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In order to account for the change in redemption behavior, you'll need to apply professional judgment on top of your breakage models. Read on for our top tips in making smart assumptions during this uncertain time.
It's helpful to think about what is likely to happen to gift card redemptions as a spectrum of possible outcomes. On one end of the spectrum we have a change in total expected redemptions, and on the other side we have a change in the timing of redemptions but no change in total expected redemptions. Here’s what those two scenarios might look like:
Total expected redemptions may be significantly higher or lower due to COVID-19. For example, let’s say prior to COVID-19, you expected customers to ultimately redeem $90 of a $100 gift card, with $10 becoming breakage. Due to COVID-19, you now expect $95 to be redeemed and $5 to become breakage. This equates to a total increase of $5 in ultimate redemptions for every $100 issued.
Similarly, COVID-19 can accelerate or decelerate the timing of your gift card redemptions. For example, let’s say prior to COVID-19, you expected $30 of a $100 gift card to be redeemed during the first 3 months of issuance, $65 to be redeemed after 3 months, and $5 to ultimately become breakage. Due to COVID-19, you now expect $50 to be redeemed in the first 3 months, $45 to be redeemed after 3 months, and $5 to ultimately break. Notice that the total redemption amount did not change ($95 in both scenarios), but the timing of redemption was accelerated.
It's important to keep in mind that these two outcomes are not mutually exclusive and do not account for the wide range of possible changes in ultimate redemptions and redemption timing that COVID-19 might bring about for your customers.
Where you fall on this spectrum is highly dependent on your industry context. For example, a grocery store may see a dramatic increase in total gift card usage because financial uncertainty will drive many consumers to use up gift cards they had previously forgotten. In response, grocery stores should expect to fall on the “increase in total redemptions” side of the spectrum.
On the other hand, if the gift card is for an airline, it's very likely that redemptions will drop to nearly zero over the next several months due to COVID-19 travel restrictions. However, it's reasonable to expect that the redemptions that would have occurred under normal circumstances will still occur once this crisis is over. Therefore, airline gift cards may not see a change in total redemptions, but the timing of their redemptions will be delayed significantly.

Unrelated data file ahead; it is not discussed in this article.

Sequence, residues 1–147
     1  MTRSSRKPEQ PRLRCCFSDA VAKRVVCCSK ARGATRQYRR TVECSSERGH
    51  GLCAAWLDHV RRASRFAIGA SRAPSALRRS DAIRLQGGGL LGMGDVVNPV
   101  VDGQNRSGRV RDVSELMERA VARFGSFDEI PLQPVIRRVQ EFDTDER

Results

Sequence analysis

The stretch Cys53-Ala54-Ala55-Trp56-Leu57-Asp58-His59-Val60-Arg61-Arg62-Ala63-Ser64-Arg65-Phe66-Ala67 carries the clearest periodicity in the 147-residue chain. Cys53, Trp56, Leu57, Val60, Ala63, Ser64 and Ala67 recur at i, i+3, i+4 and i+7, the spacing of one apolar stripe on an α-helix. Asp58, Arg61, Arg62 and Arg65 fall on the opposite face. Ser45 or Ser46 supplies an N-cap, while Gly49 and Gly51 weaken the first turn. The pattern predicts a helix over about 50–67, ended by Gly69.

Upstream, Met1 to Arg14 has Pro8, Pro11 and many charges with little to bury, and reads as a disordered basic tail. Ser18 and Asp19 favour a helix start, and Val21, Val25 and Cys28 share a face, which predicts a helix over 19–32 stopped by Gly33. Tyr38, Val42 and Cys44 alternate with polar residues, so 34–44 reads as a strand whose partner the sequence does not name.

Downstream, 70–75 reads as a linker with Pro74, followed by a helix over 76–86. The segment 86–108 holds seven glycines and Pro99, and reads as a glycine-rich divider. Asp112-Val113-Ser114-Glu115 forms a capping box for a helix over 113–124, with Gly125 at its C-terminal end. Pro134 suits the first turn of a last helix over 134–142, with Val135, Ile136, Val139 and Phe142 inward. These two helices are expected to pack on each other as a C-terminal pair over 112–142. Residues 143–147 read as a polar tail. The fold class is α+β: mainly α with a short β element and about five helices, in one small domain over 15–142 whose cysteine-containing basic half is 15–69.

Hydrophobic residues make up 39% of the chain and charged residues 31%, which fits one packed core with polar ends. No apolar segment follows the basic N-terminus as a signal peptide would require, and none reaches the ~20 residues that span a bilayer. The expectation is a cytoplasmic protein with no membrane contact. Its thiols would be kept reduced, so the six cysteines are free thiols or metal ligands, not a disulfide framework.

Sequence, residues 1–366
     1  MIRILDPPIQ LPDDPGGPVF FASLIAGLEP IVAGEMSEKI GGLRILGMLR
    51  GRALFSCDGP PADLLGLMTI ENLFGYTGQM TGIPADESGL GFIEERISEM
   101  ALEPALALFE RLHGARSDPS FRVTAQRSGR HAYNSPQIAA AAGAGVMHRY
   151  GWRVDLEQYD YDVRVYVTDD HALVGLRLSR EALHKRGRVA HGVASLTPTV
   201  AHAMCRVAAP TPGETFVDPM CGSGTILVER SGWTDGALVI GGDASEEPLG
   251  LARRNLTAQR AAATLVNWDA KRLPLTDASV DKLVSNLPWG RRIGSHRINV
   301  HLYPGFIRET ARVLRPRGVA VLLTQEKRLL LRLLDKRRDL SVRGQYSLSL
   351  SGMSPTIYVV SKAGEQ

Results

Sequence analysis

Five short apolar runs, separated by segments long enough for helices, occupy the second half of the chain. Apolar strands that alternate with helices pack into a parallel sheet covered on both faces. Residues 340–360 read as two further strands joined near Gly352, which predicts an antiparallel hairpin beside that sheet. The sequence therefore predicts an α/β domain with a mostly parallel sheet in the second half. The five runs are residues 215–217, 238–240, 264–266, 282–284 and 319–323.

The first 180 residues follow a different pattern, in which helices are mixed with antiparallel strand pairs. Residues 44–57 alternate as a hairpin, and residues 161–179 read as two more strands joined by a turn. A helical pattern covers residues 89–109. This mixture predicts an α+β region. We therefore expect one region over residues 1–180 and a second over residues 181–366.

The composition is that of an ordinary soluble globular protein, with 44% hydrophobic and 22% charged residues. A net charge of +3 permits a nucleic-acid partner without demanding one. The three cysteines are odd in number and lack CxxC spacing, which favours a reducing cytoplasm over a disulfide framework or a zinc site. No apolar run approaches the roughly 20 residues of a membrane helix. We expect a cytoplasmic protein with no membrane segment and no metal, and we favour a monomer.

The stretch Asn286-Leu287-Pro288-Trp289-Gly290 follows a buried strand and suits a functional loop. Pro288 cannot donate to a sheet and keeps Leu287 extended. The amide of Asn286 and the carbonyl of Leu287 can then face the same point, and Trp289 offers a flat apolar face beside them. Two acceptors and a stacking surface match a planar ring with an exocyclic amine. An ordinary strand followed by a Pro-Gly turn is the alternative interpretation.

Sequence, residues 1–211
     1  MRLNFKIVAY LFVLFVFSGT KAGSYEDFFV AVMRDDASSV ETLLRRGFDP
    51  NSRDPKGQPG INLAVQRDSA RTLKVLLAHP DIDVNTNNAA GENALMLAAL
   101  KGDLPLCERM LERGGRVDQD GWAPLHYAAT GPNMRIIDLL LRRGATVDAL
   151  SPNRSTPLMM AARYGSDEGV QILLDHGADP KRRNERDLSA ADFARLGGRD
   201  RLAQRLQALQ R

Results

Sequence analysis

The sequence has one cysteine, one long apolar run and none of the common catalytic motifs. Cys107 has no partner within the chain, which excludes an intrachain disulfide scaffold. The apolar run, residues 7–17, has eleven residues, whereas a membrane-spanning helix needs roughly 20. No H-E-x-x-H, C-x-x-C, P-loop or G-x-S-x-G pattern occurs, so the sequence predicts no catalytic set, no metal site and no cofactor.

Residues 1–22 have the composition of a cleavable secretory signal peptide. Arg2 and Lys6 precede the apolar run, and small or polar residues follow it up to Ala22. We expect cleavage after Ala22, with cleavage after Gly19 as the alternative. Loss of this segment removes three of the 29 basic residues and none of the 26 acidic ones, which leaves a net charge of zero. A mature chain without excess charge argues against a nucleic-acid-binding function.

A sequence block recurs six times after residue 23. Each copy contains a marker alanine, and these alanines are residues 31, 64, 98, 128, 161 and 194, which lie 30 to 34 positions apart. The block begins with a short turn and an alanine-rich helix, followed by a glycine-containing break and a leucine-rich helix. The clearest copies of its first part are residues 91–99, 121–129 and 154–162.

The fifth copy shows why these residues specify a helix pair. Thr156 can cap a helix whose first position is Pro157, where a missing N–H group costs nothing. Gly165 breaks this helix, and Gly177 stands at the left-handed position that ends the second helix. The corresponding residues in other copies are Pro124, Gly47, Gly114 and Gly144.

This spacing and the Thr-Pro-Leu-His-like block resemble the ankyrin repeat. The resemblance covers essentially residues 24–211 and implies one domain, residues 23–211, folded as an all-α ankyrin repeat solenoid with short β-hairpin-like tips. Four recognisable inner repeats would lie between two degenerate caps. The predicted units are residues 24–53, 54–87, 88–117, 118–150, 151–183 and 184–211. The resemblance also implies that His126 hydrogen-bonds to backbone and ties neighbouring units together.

You know your business better than anyone. Right now, your business acumen is going to help you decide where on this spectrum you are and what assumptions you'll need to make.
But here’s the reality: regardless of the depth of knowledge about your business, you're still probably going to get it wrong. And that’s totally normal. There's simply too much uncertainty in this environment for you to make an accurate assumption every time.
Therefore, the goal is to set the smartest assumptions possible, and monitor results against those assumptions on an ongoing basis.
If possible, we recommend segmenting your customers into groups with different expected redemption behavior and applying unique assumptions to each group. For more information about this practice, check out our last blog post Loyalty Program Liability Management in the Age of COVID-19.
With your customer segments defined, you’ll also need to build the infrastructure to monitor redemptions at the segment level. You’ll need to be able to track:
At KYROS, we report on redemptions on a monthly basis and compare it to our previous assumptions for each segment. This helps keep our assumptions fresh and accurate as the situation evolves.
As you're making these changes to assumptions, you'll want to be aware of their impact on financial statements.
If you assume a change in timing, then gift card revenue will be recognized at a different rate than it would normally, but your liability will stay the same overall. If you're assuming a change in total redemptions, then you'll need to restate your gift card liabilities due to the change in expected breakage. Assuming there is a decrease in breakage, you will need to move money from breakage liability to redemption liability. If there isn't enough in the breakage liability to move over, you may need to take a hit to income to ensure you can cover your increased gift card liabilities.
At KYROS, we specialize in actuarial analytics for gift card programs. Understandably, most of you have more important business priorities right now and can’t spend as much time on this as we do. This may mean you don't have the models or resources to follow the recommendations we outline in this article. That's okay. There are other ways to leverage whatever analytics you have available to help manage this situation, and we'd love to help.
With the March 31 quarter coming to a close, we're holding office hours every Wednesday in April for anyone that could use a sounding board as they work through financial reporting. If you'd like to book a time, please email firstname.lastname@example.org or click the link below.
These are tough times for our industry, our communities and our families. The one upside has been seeing people help and support others during these tough times. We may be standing at a distance, but in some sense, we've never been closer together. If we can help some of you reduce your stress, we'd love to do our part.
Founder and managing partner of KYROS Insights. I'm an analytics nerd and recovering actuary. I use machine learning to help loyalty programs predict member behavior so they can identify their future best customers, and recognize and reward them today.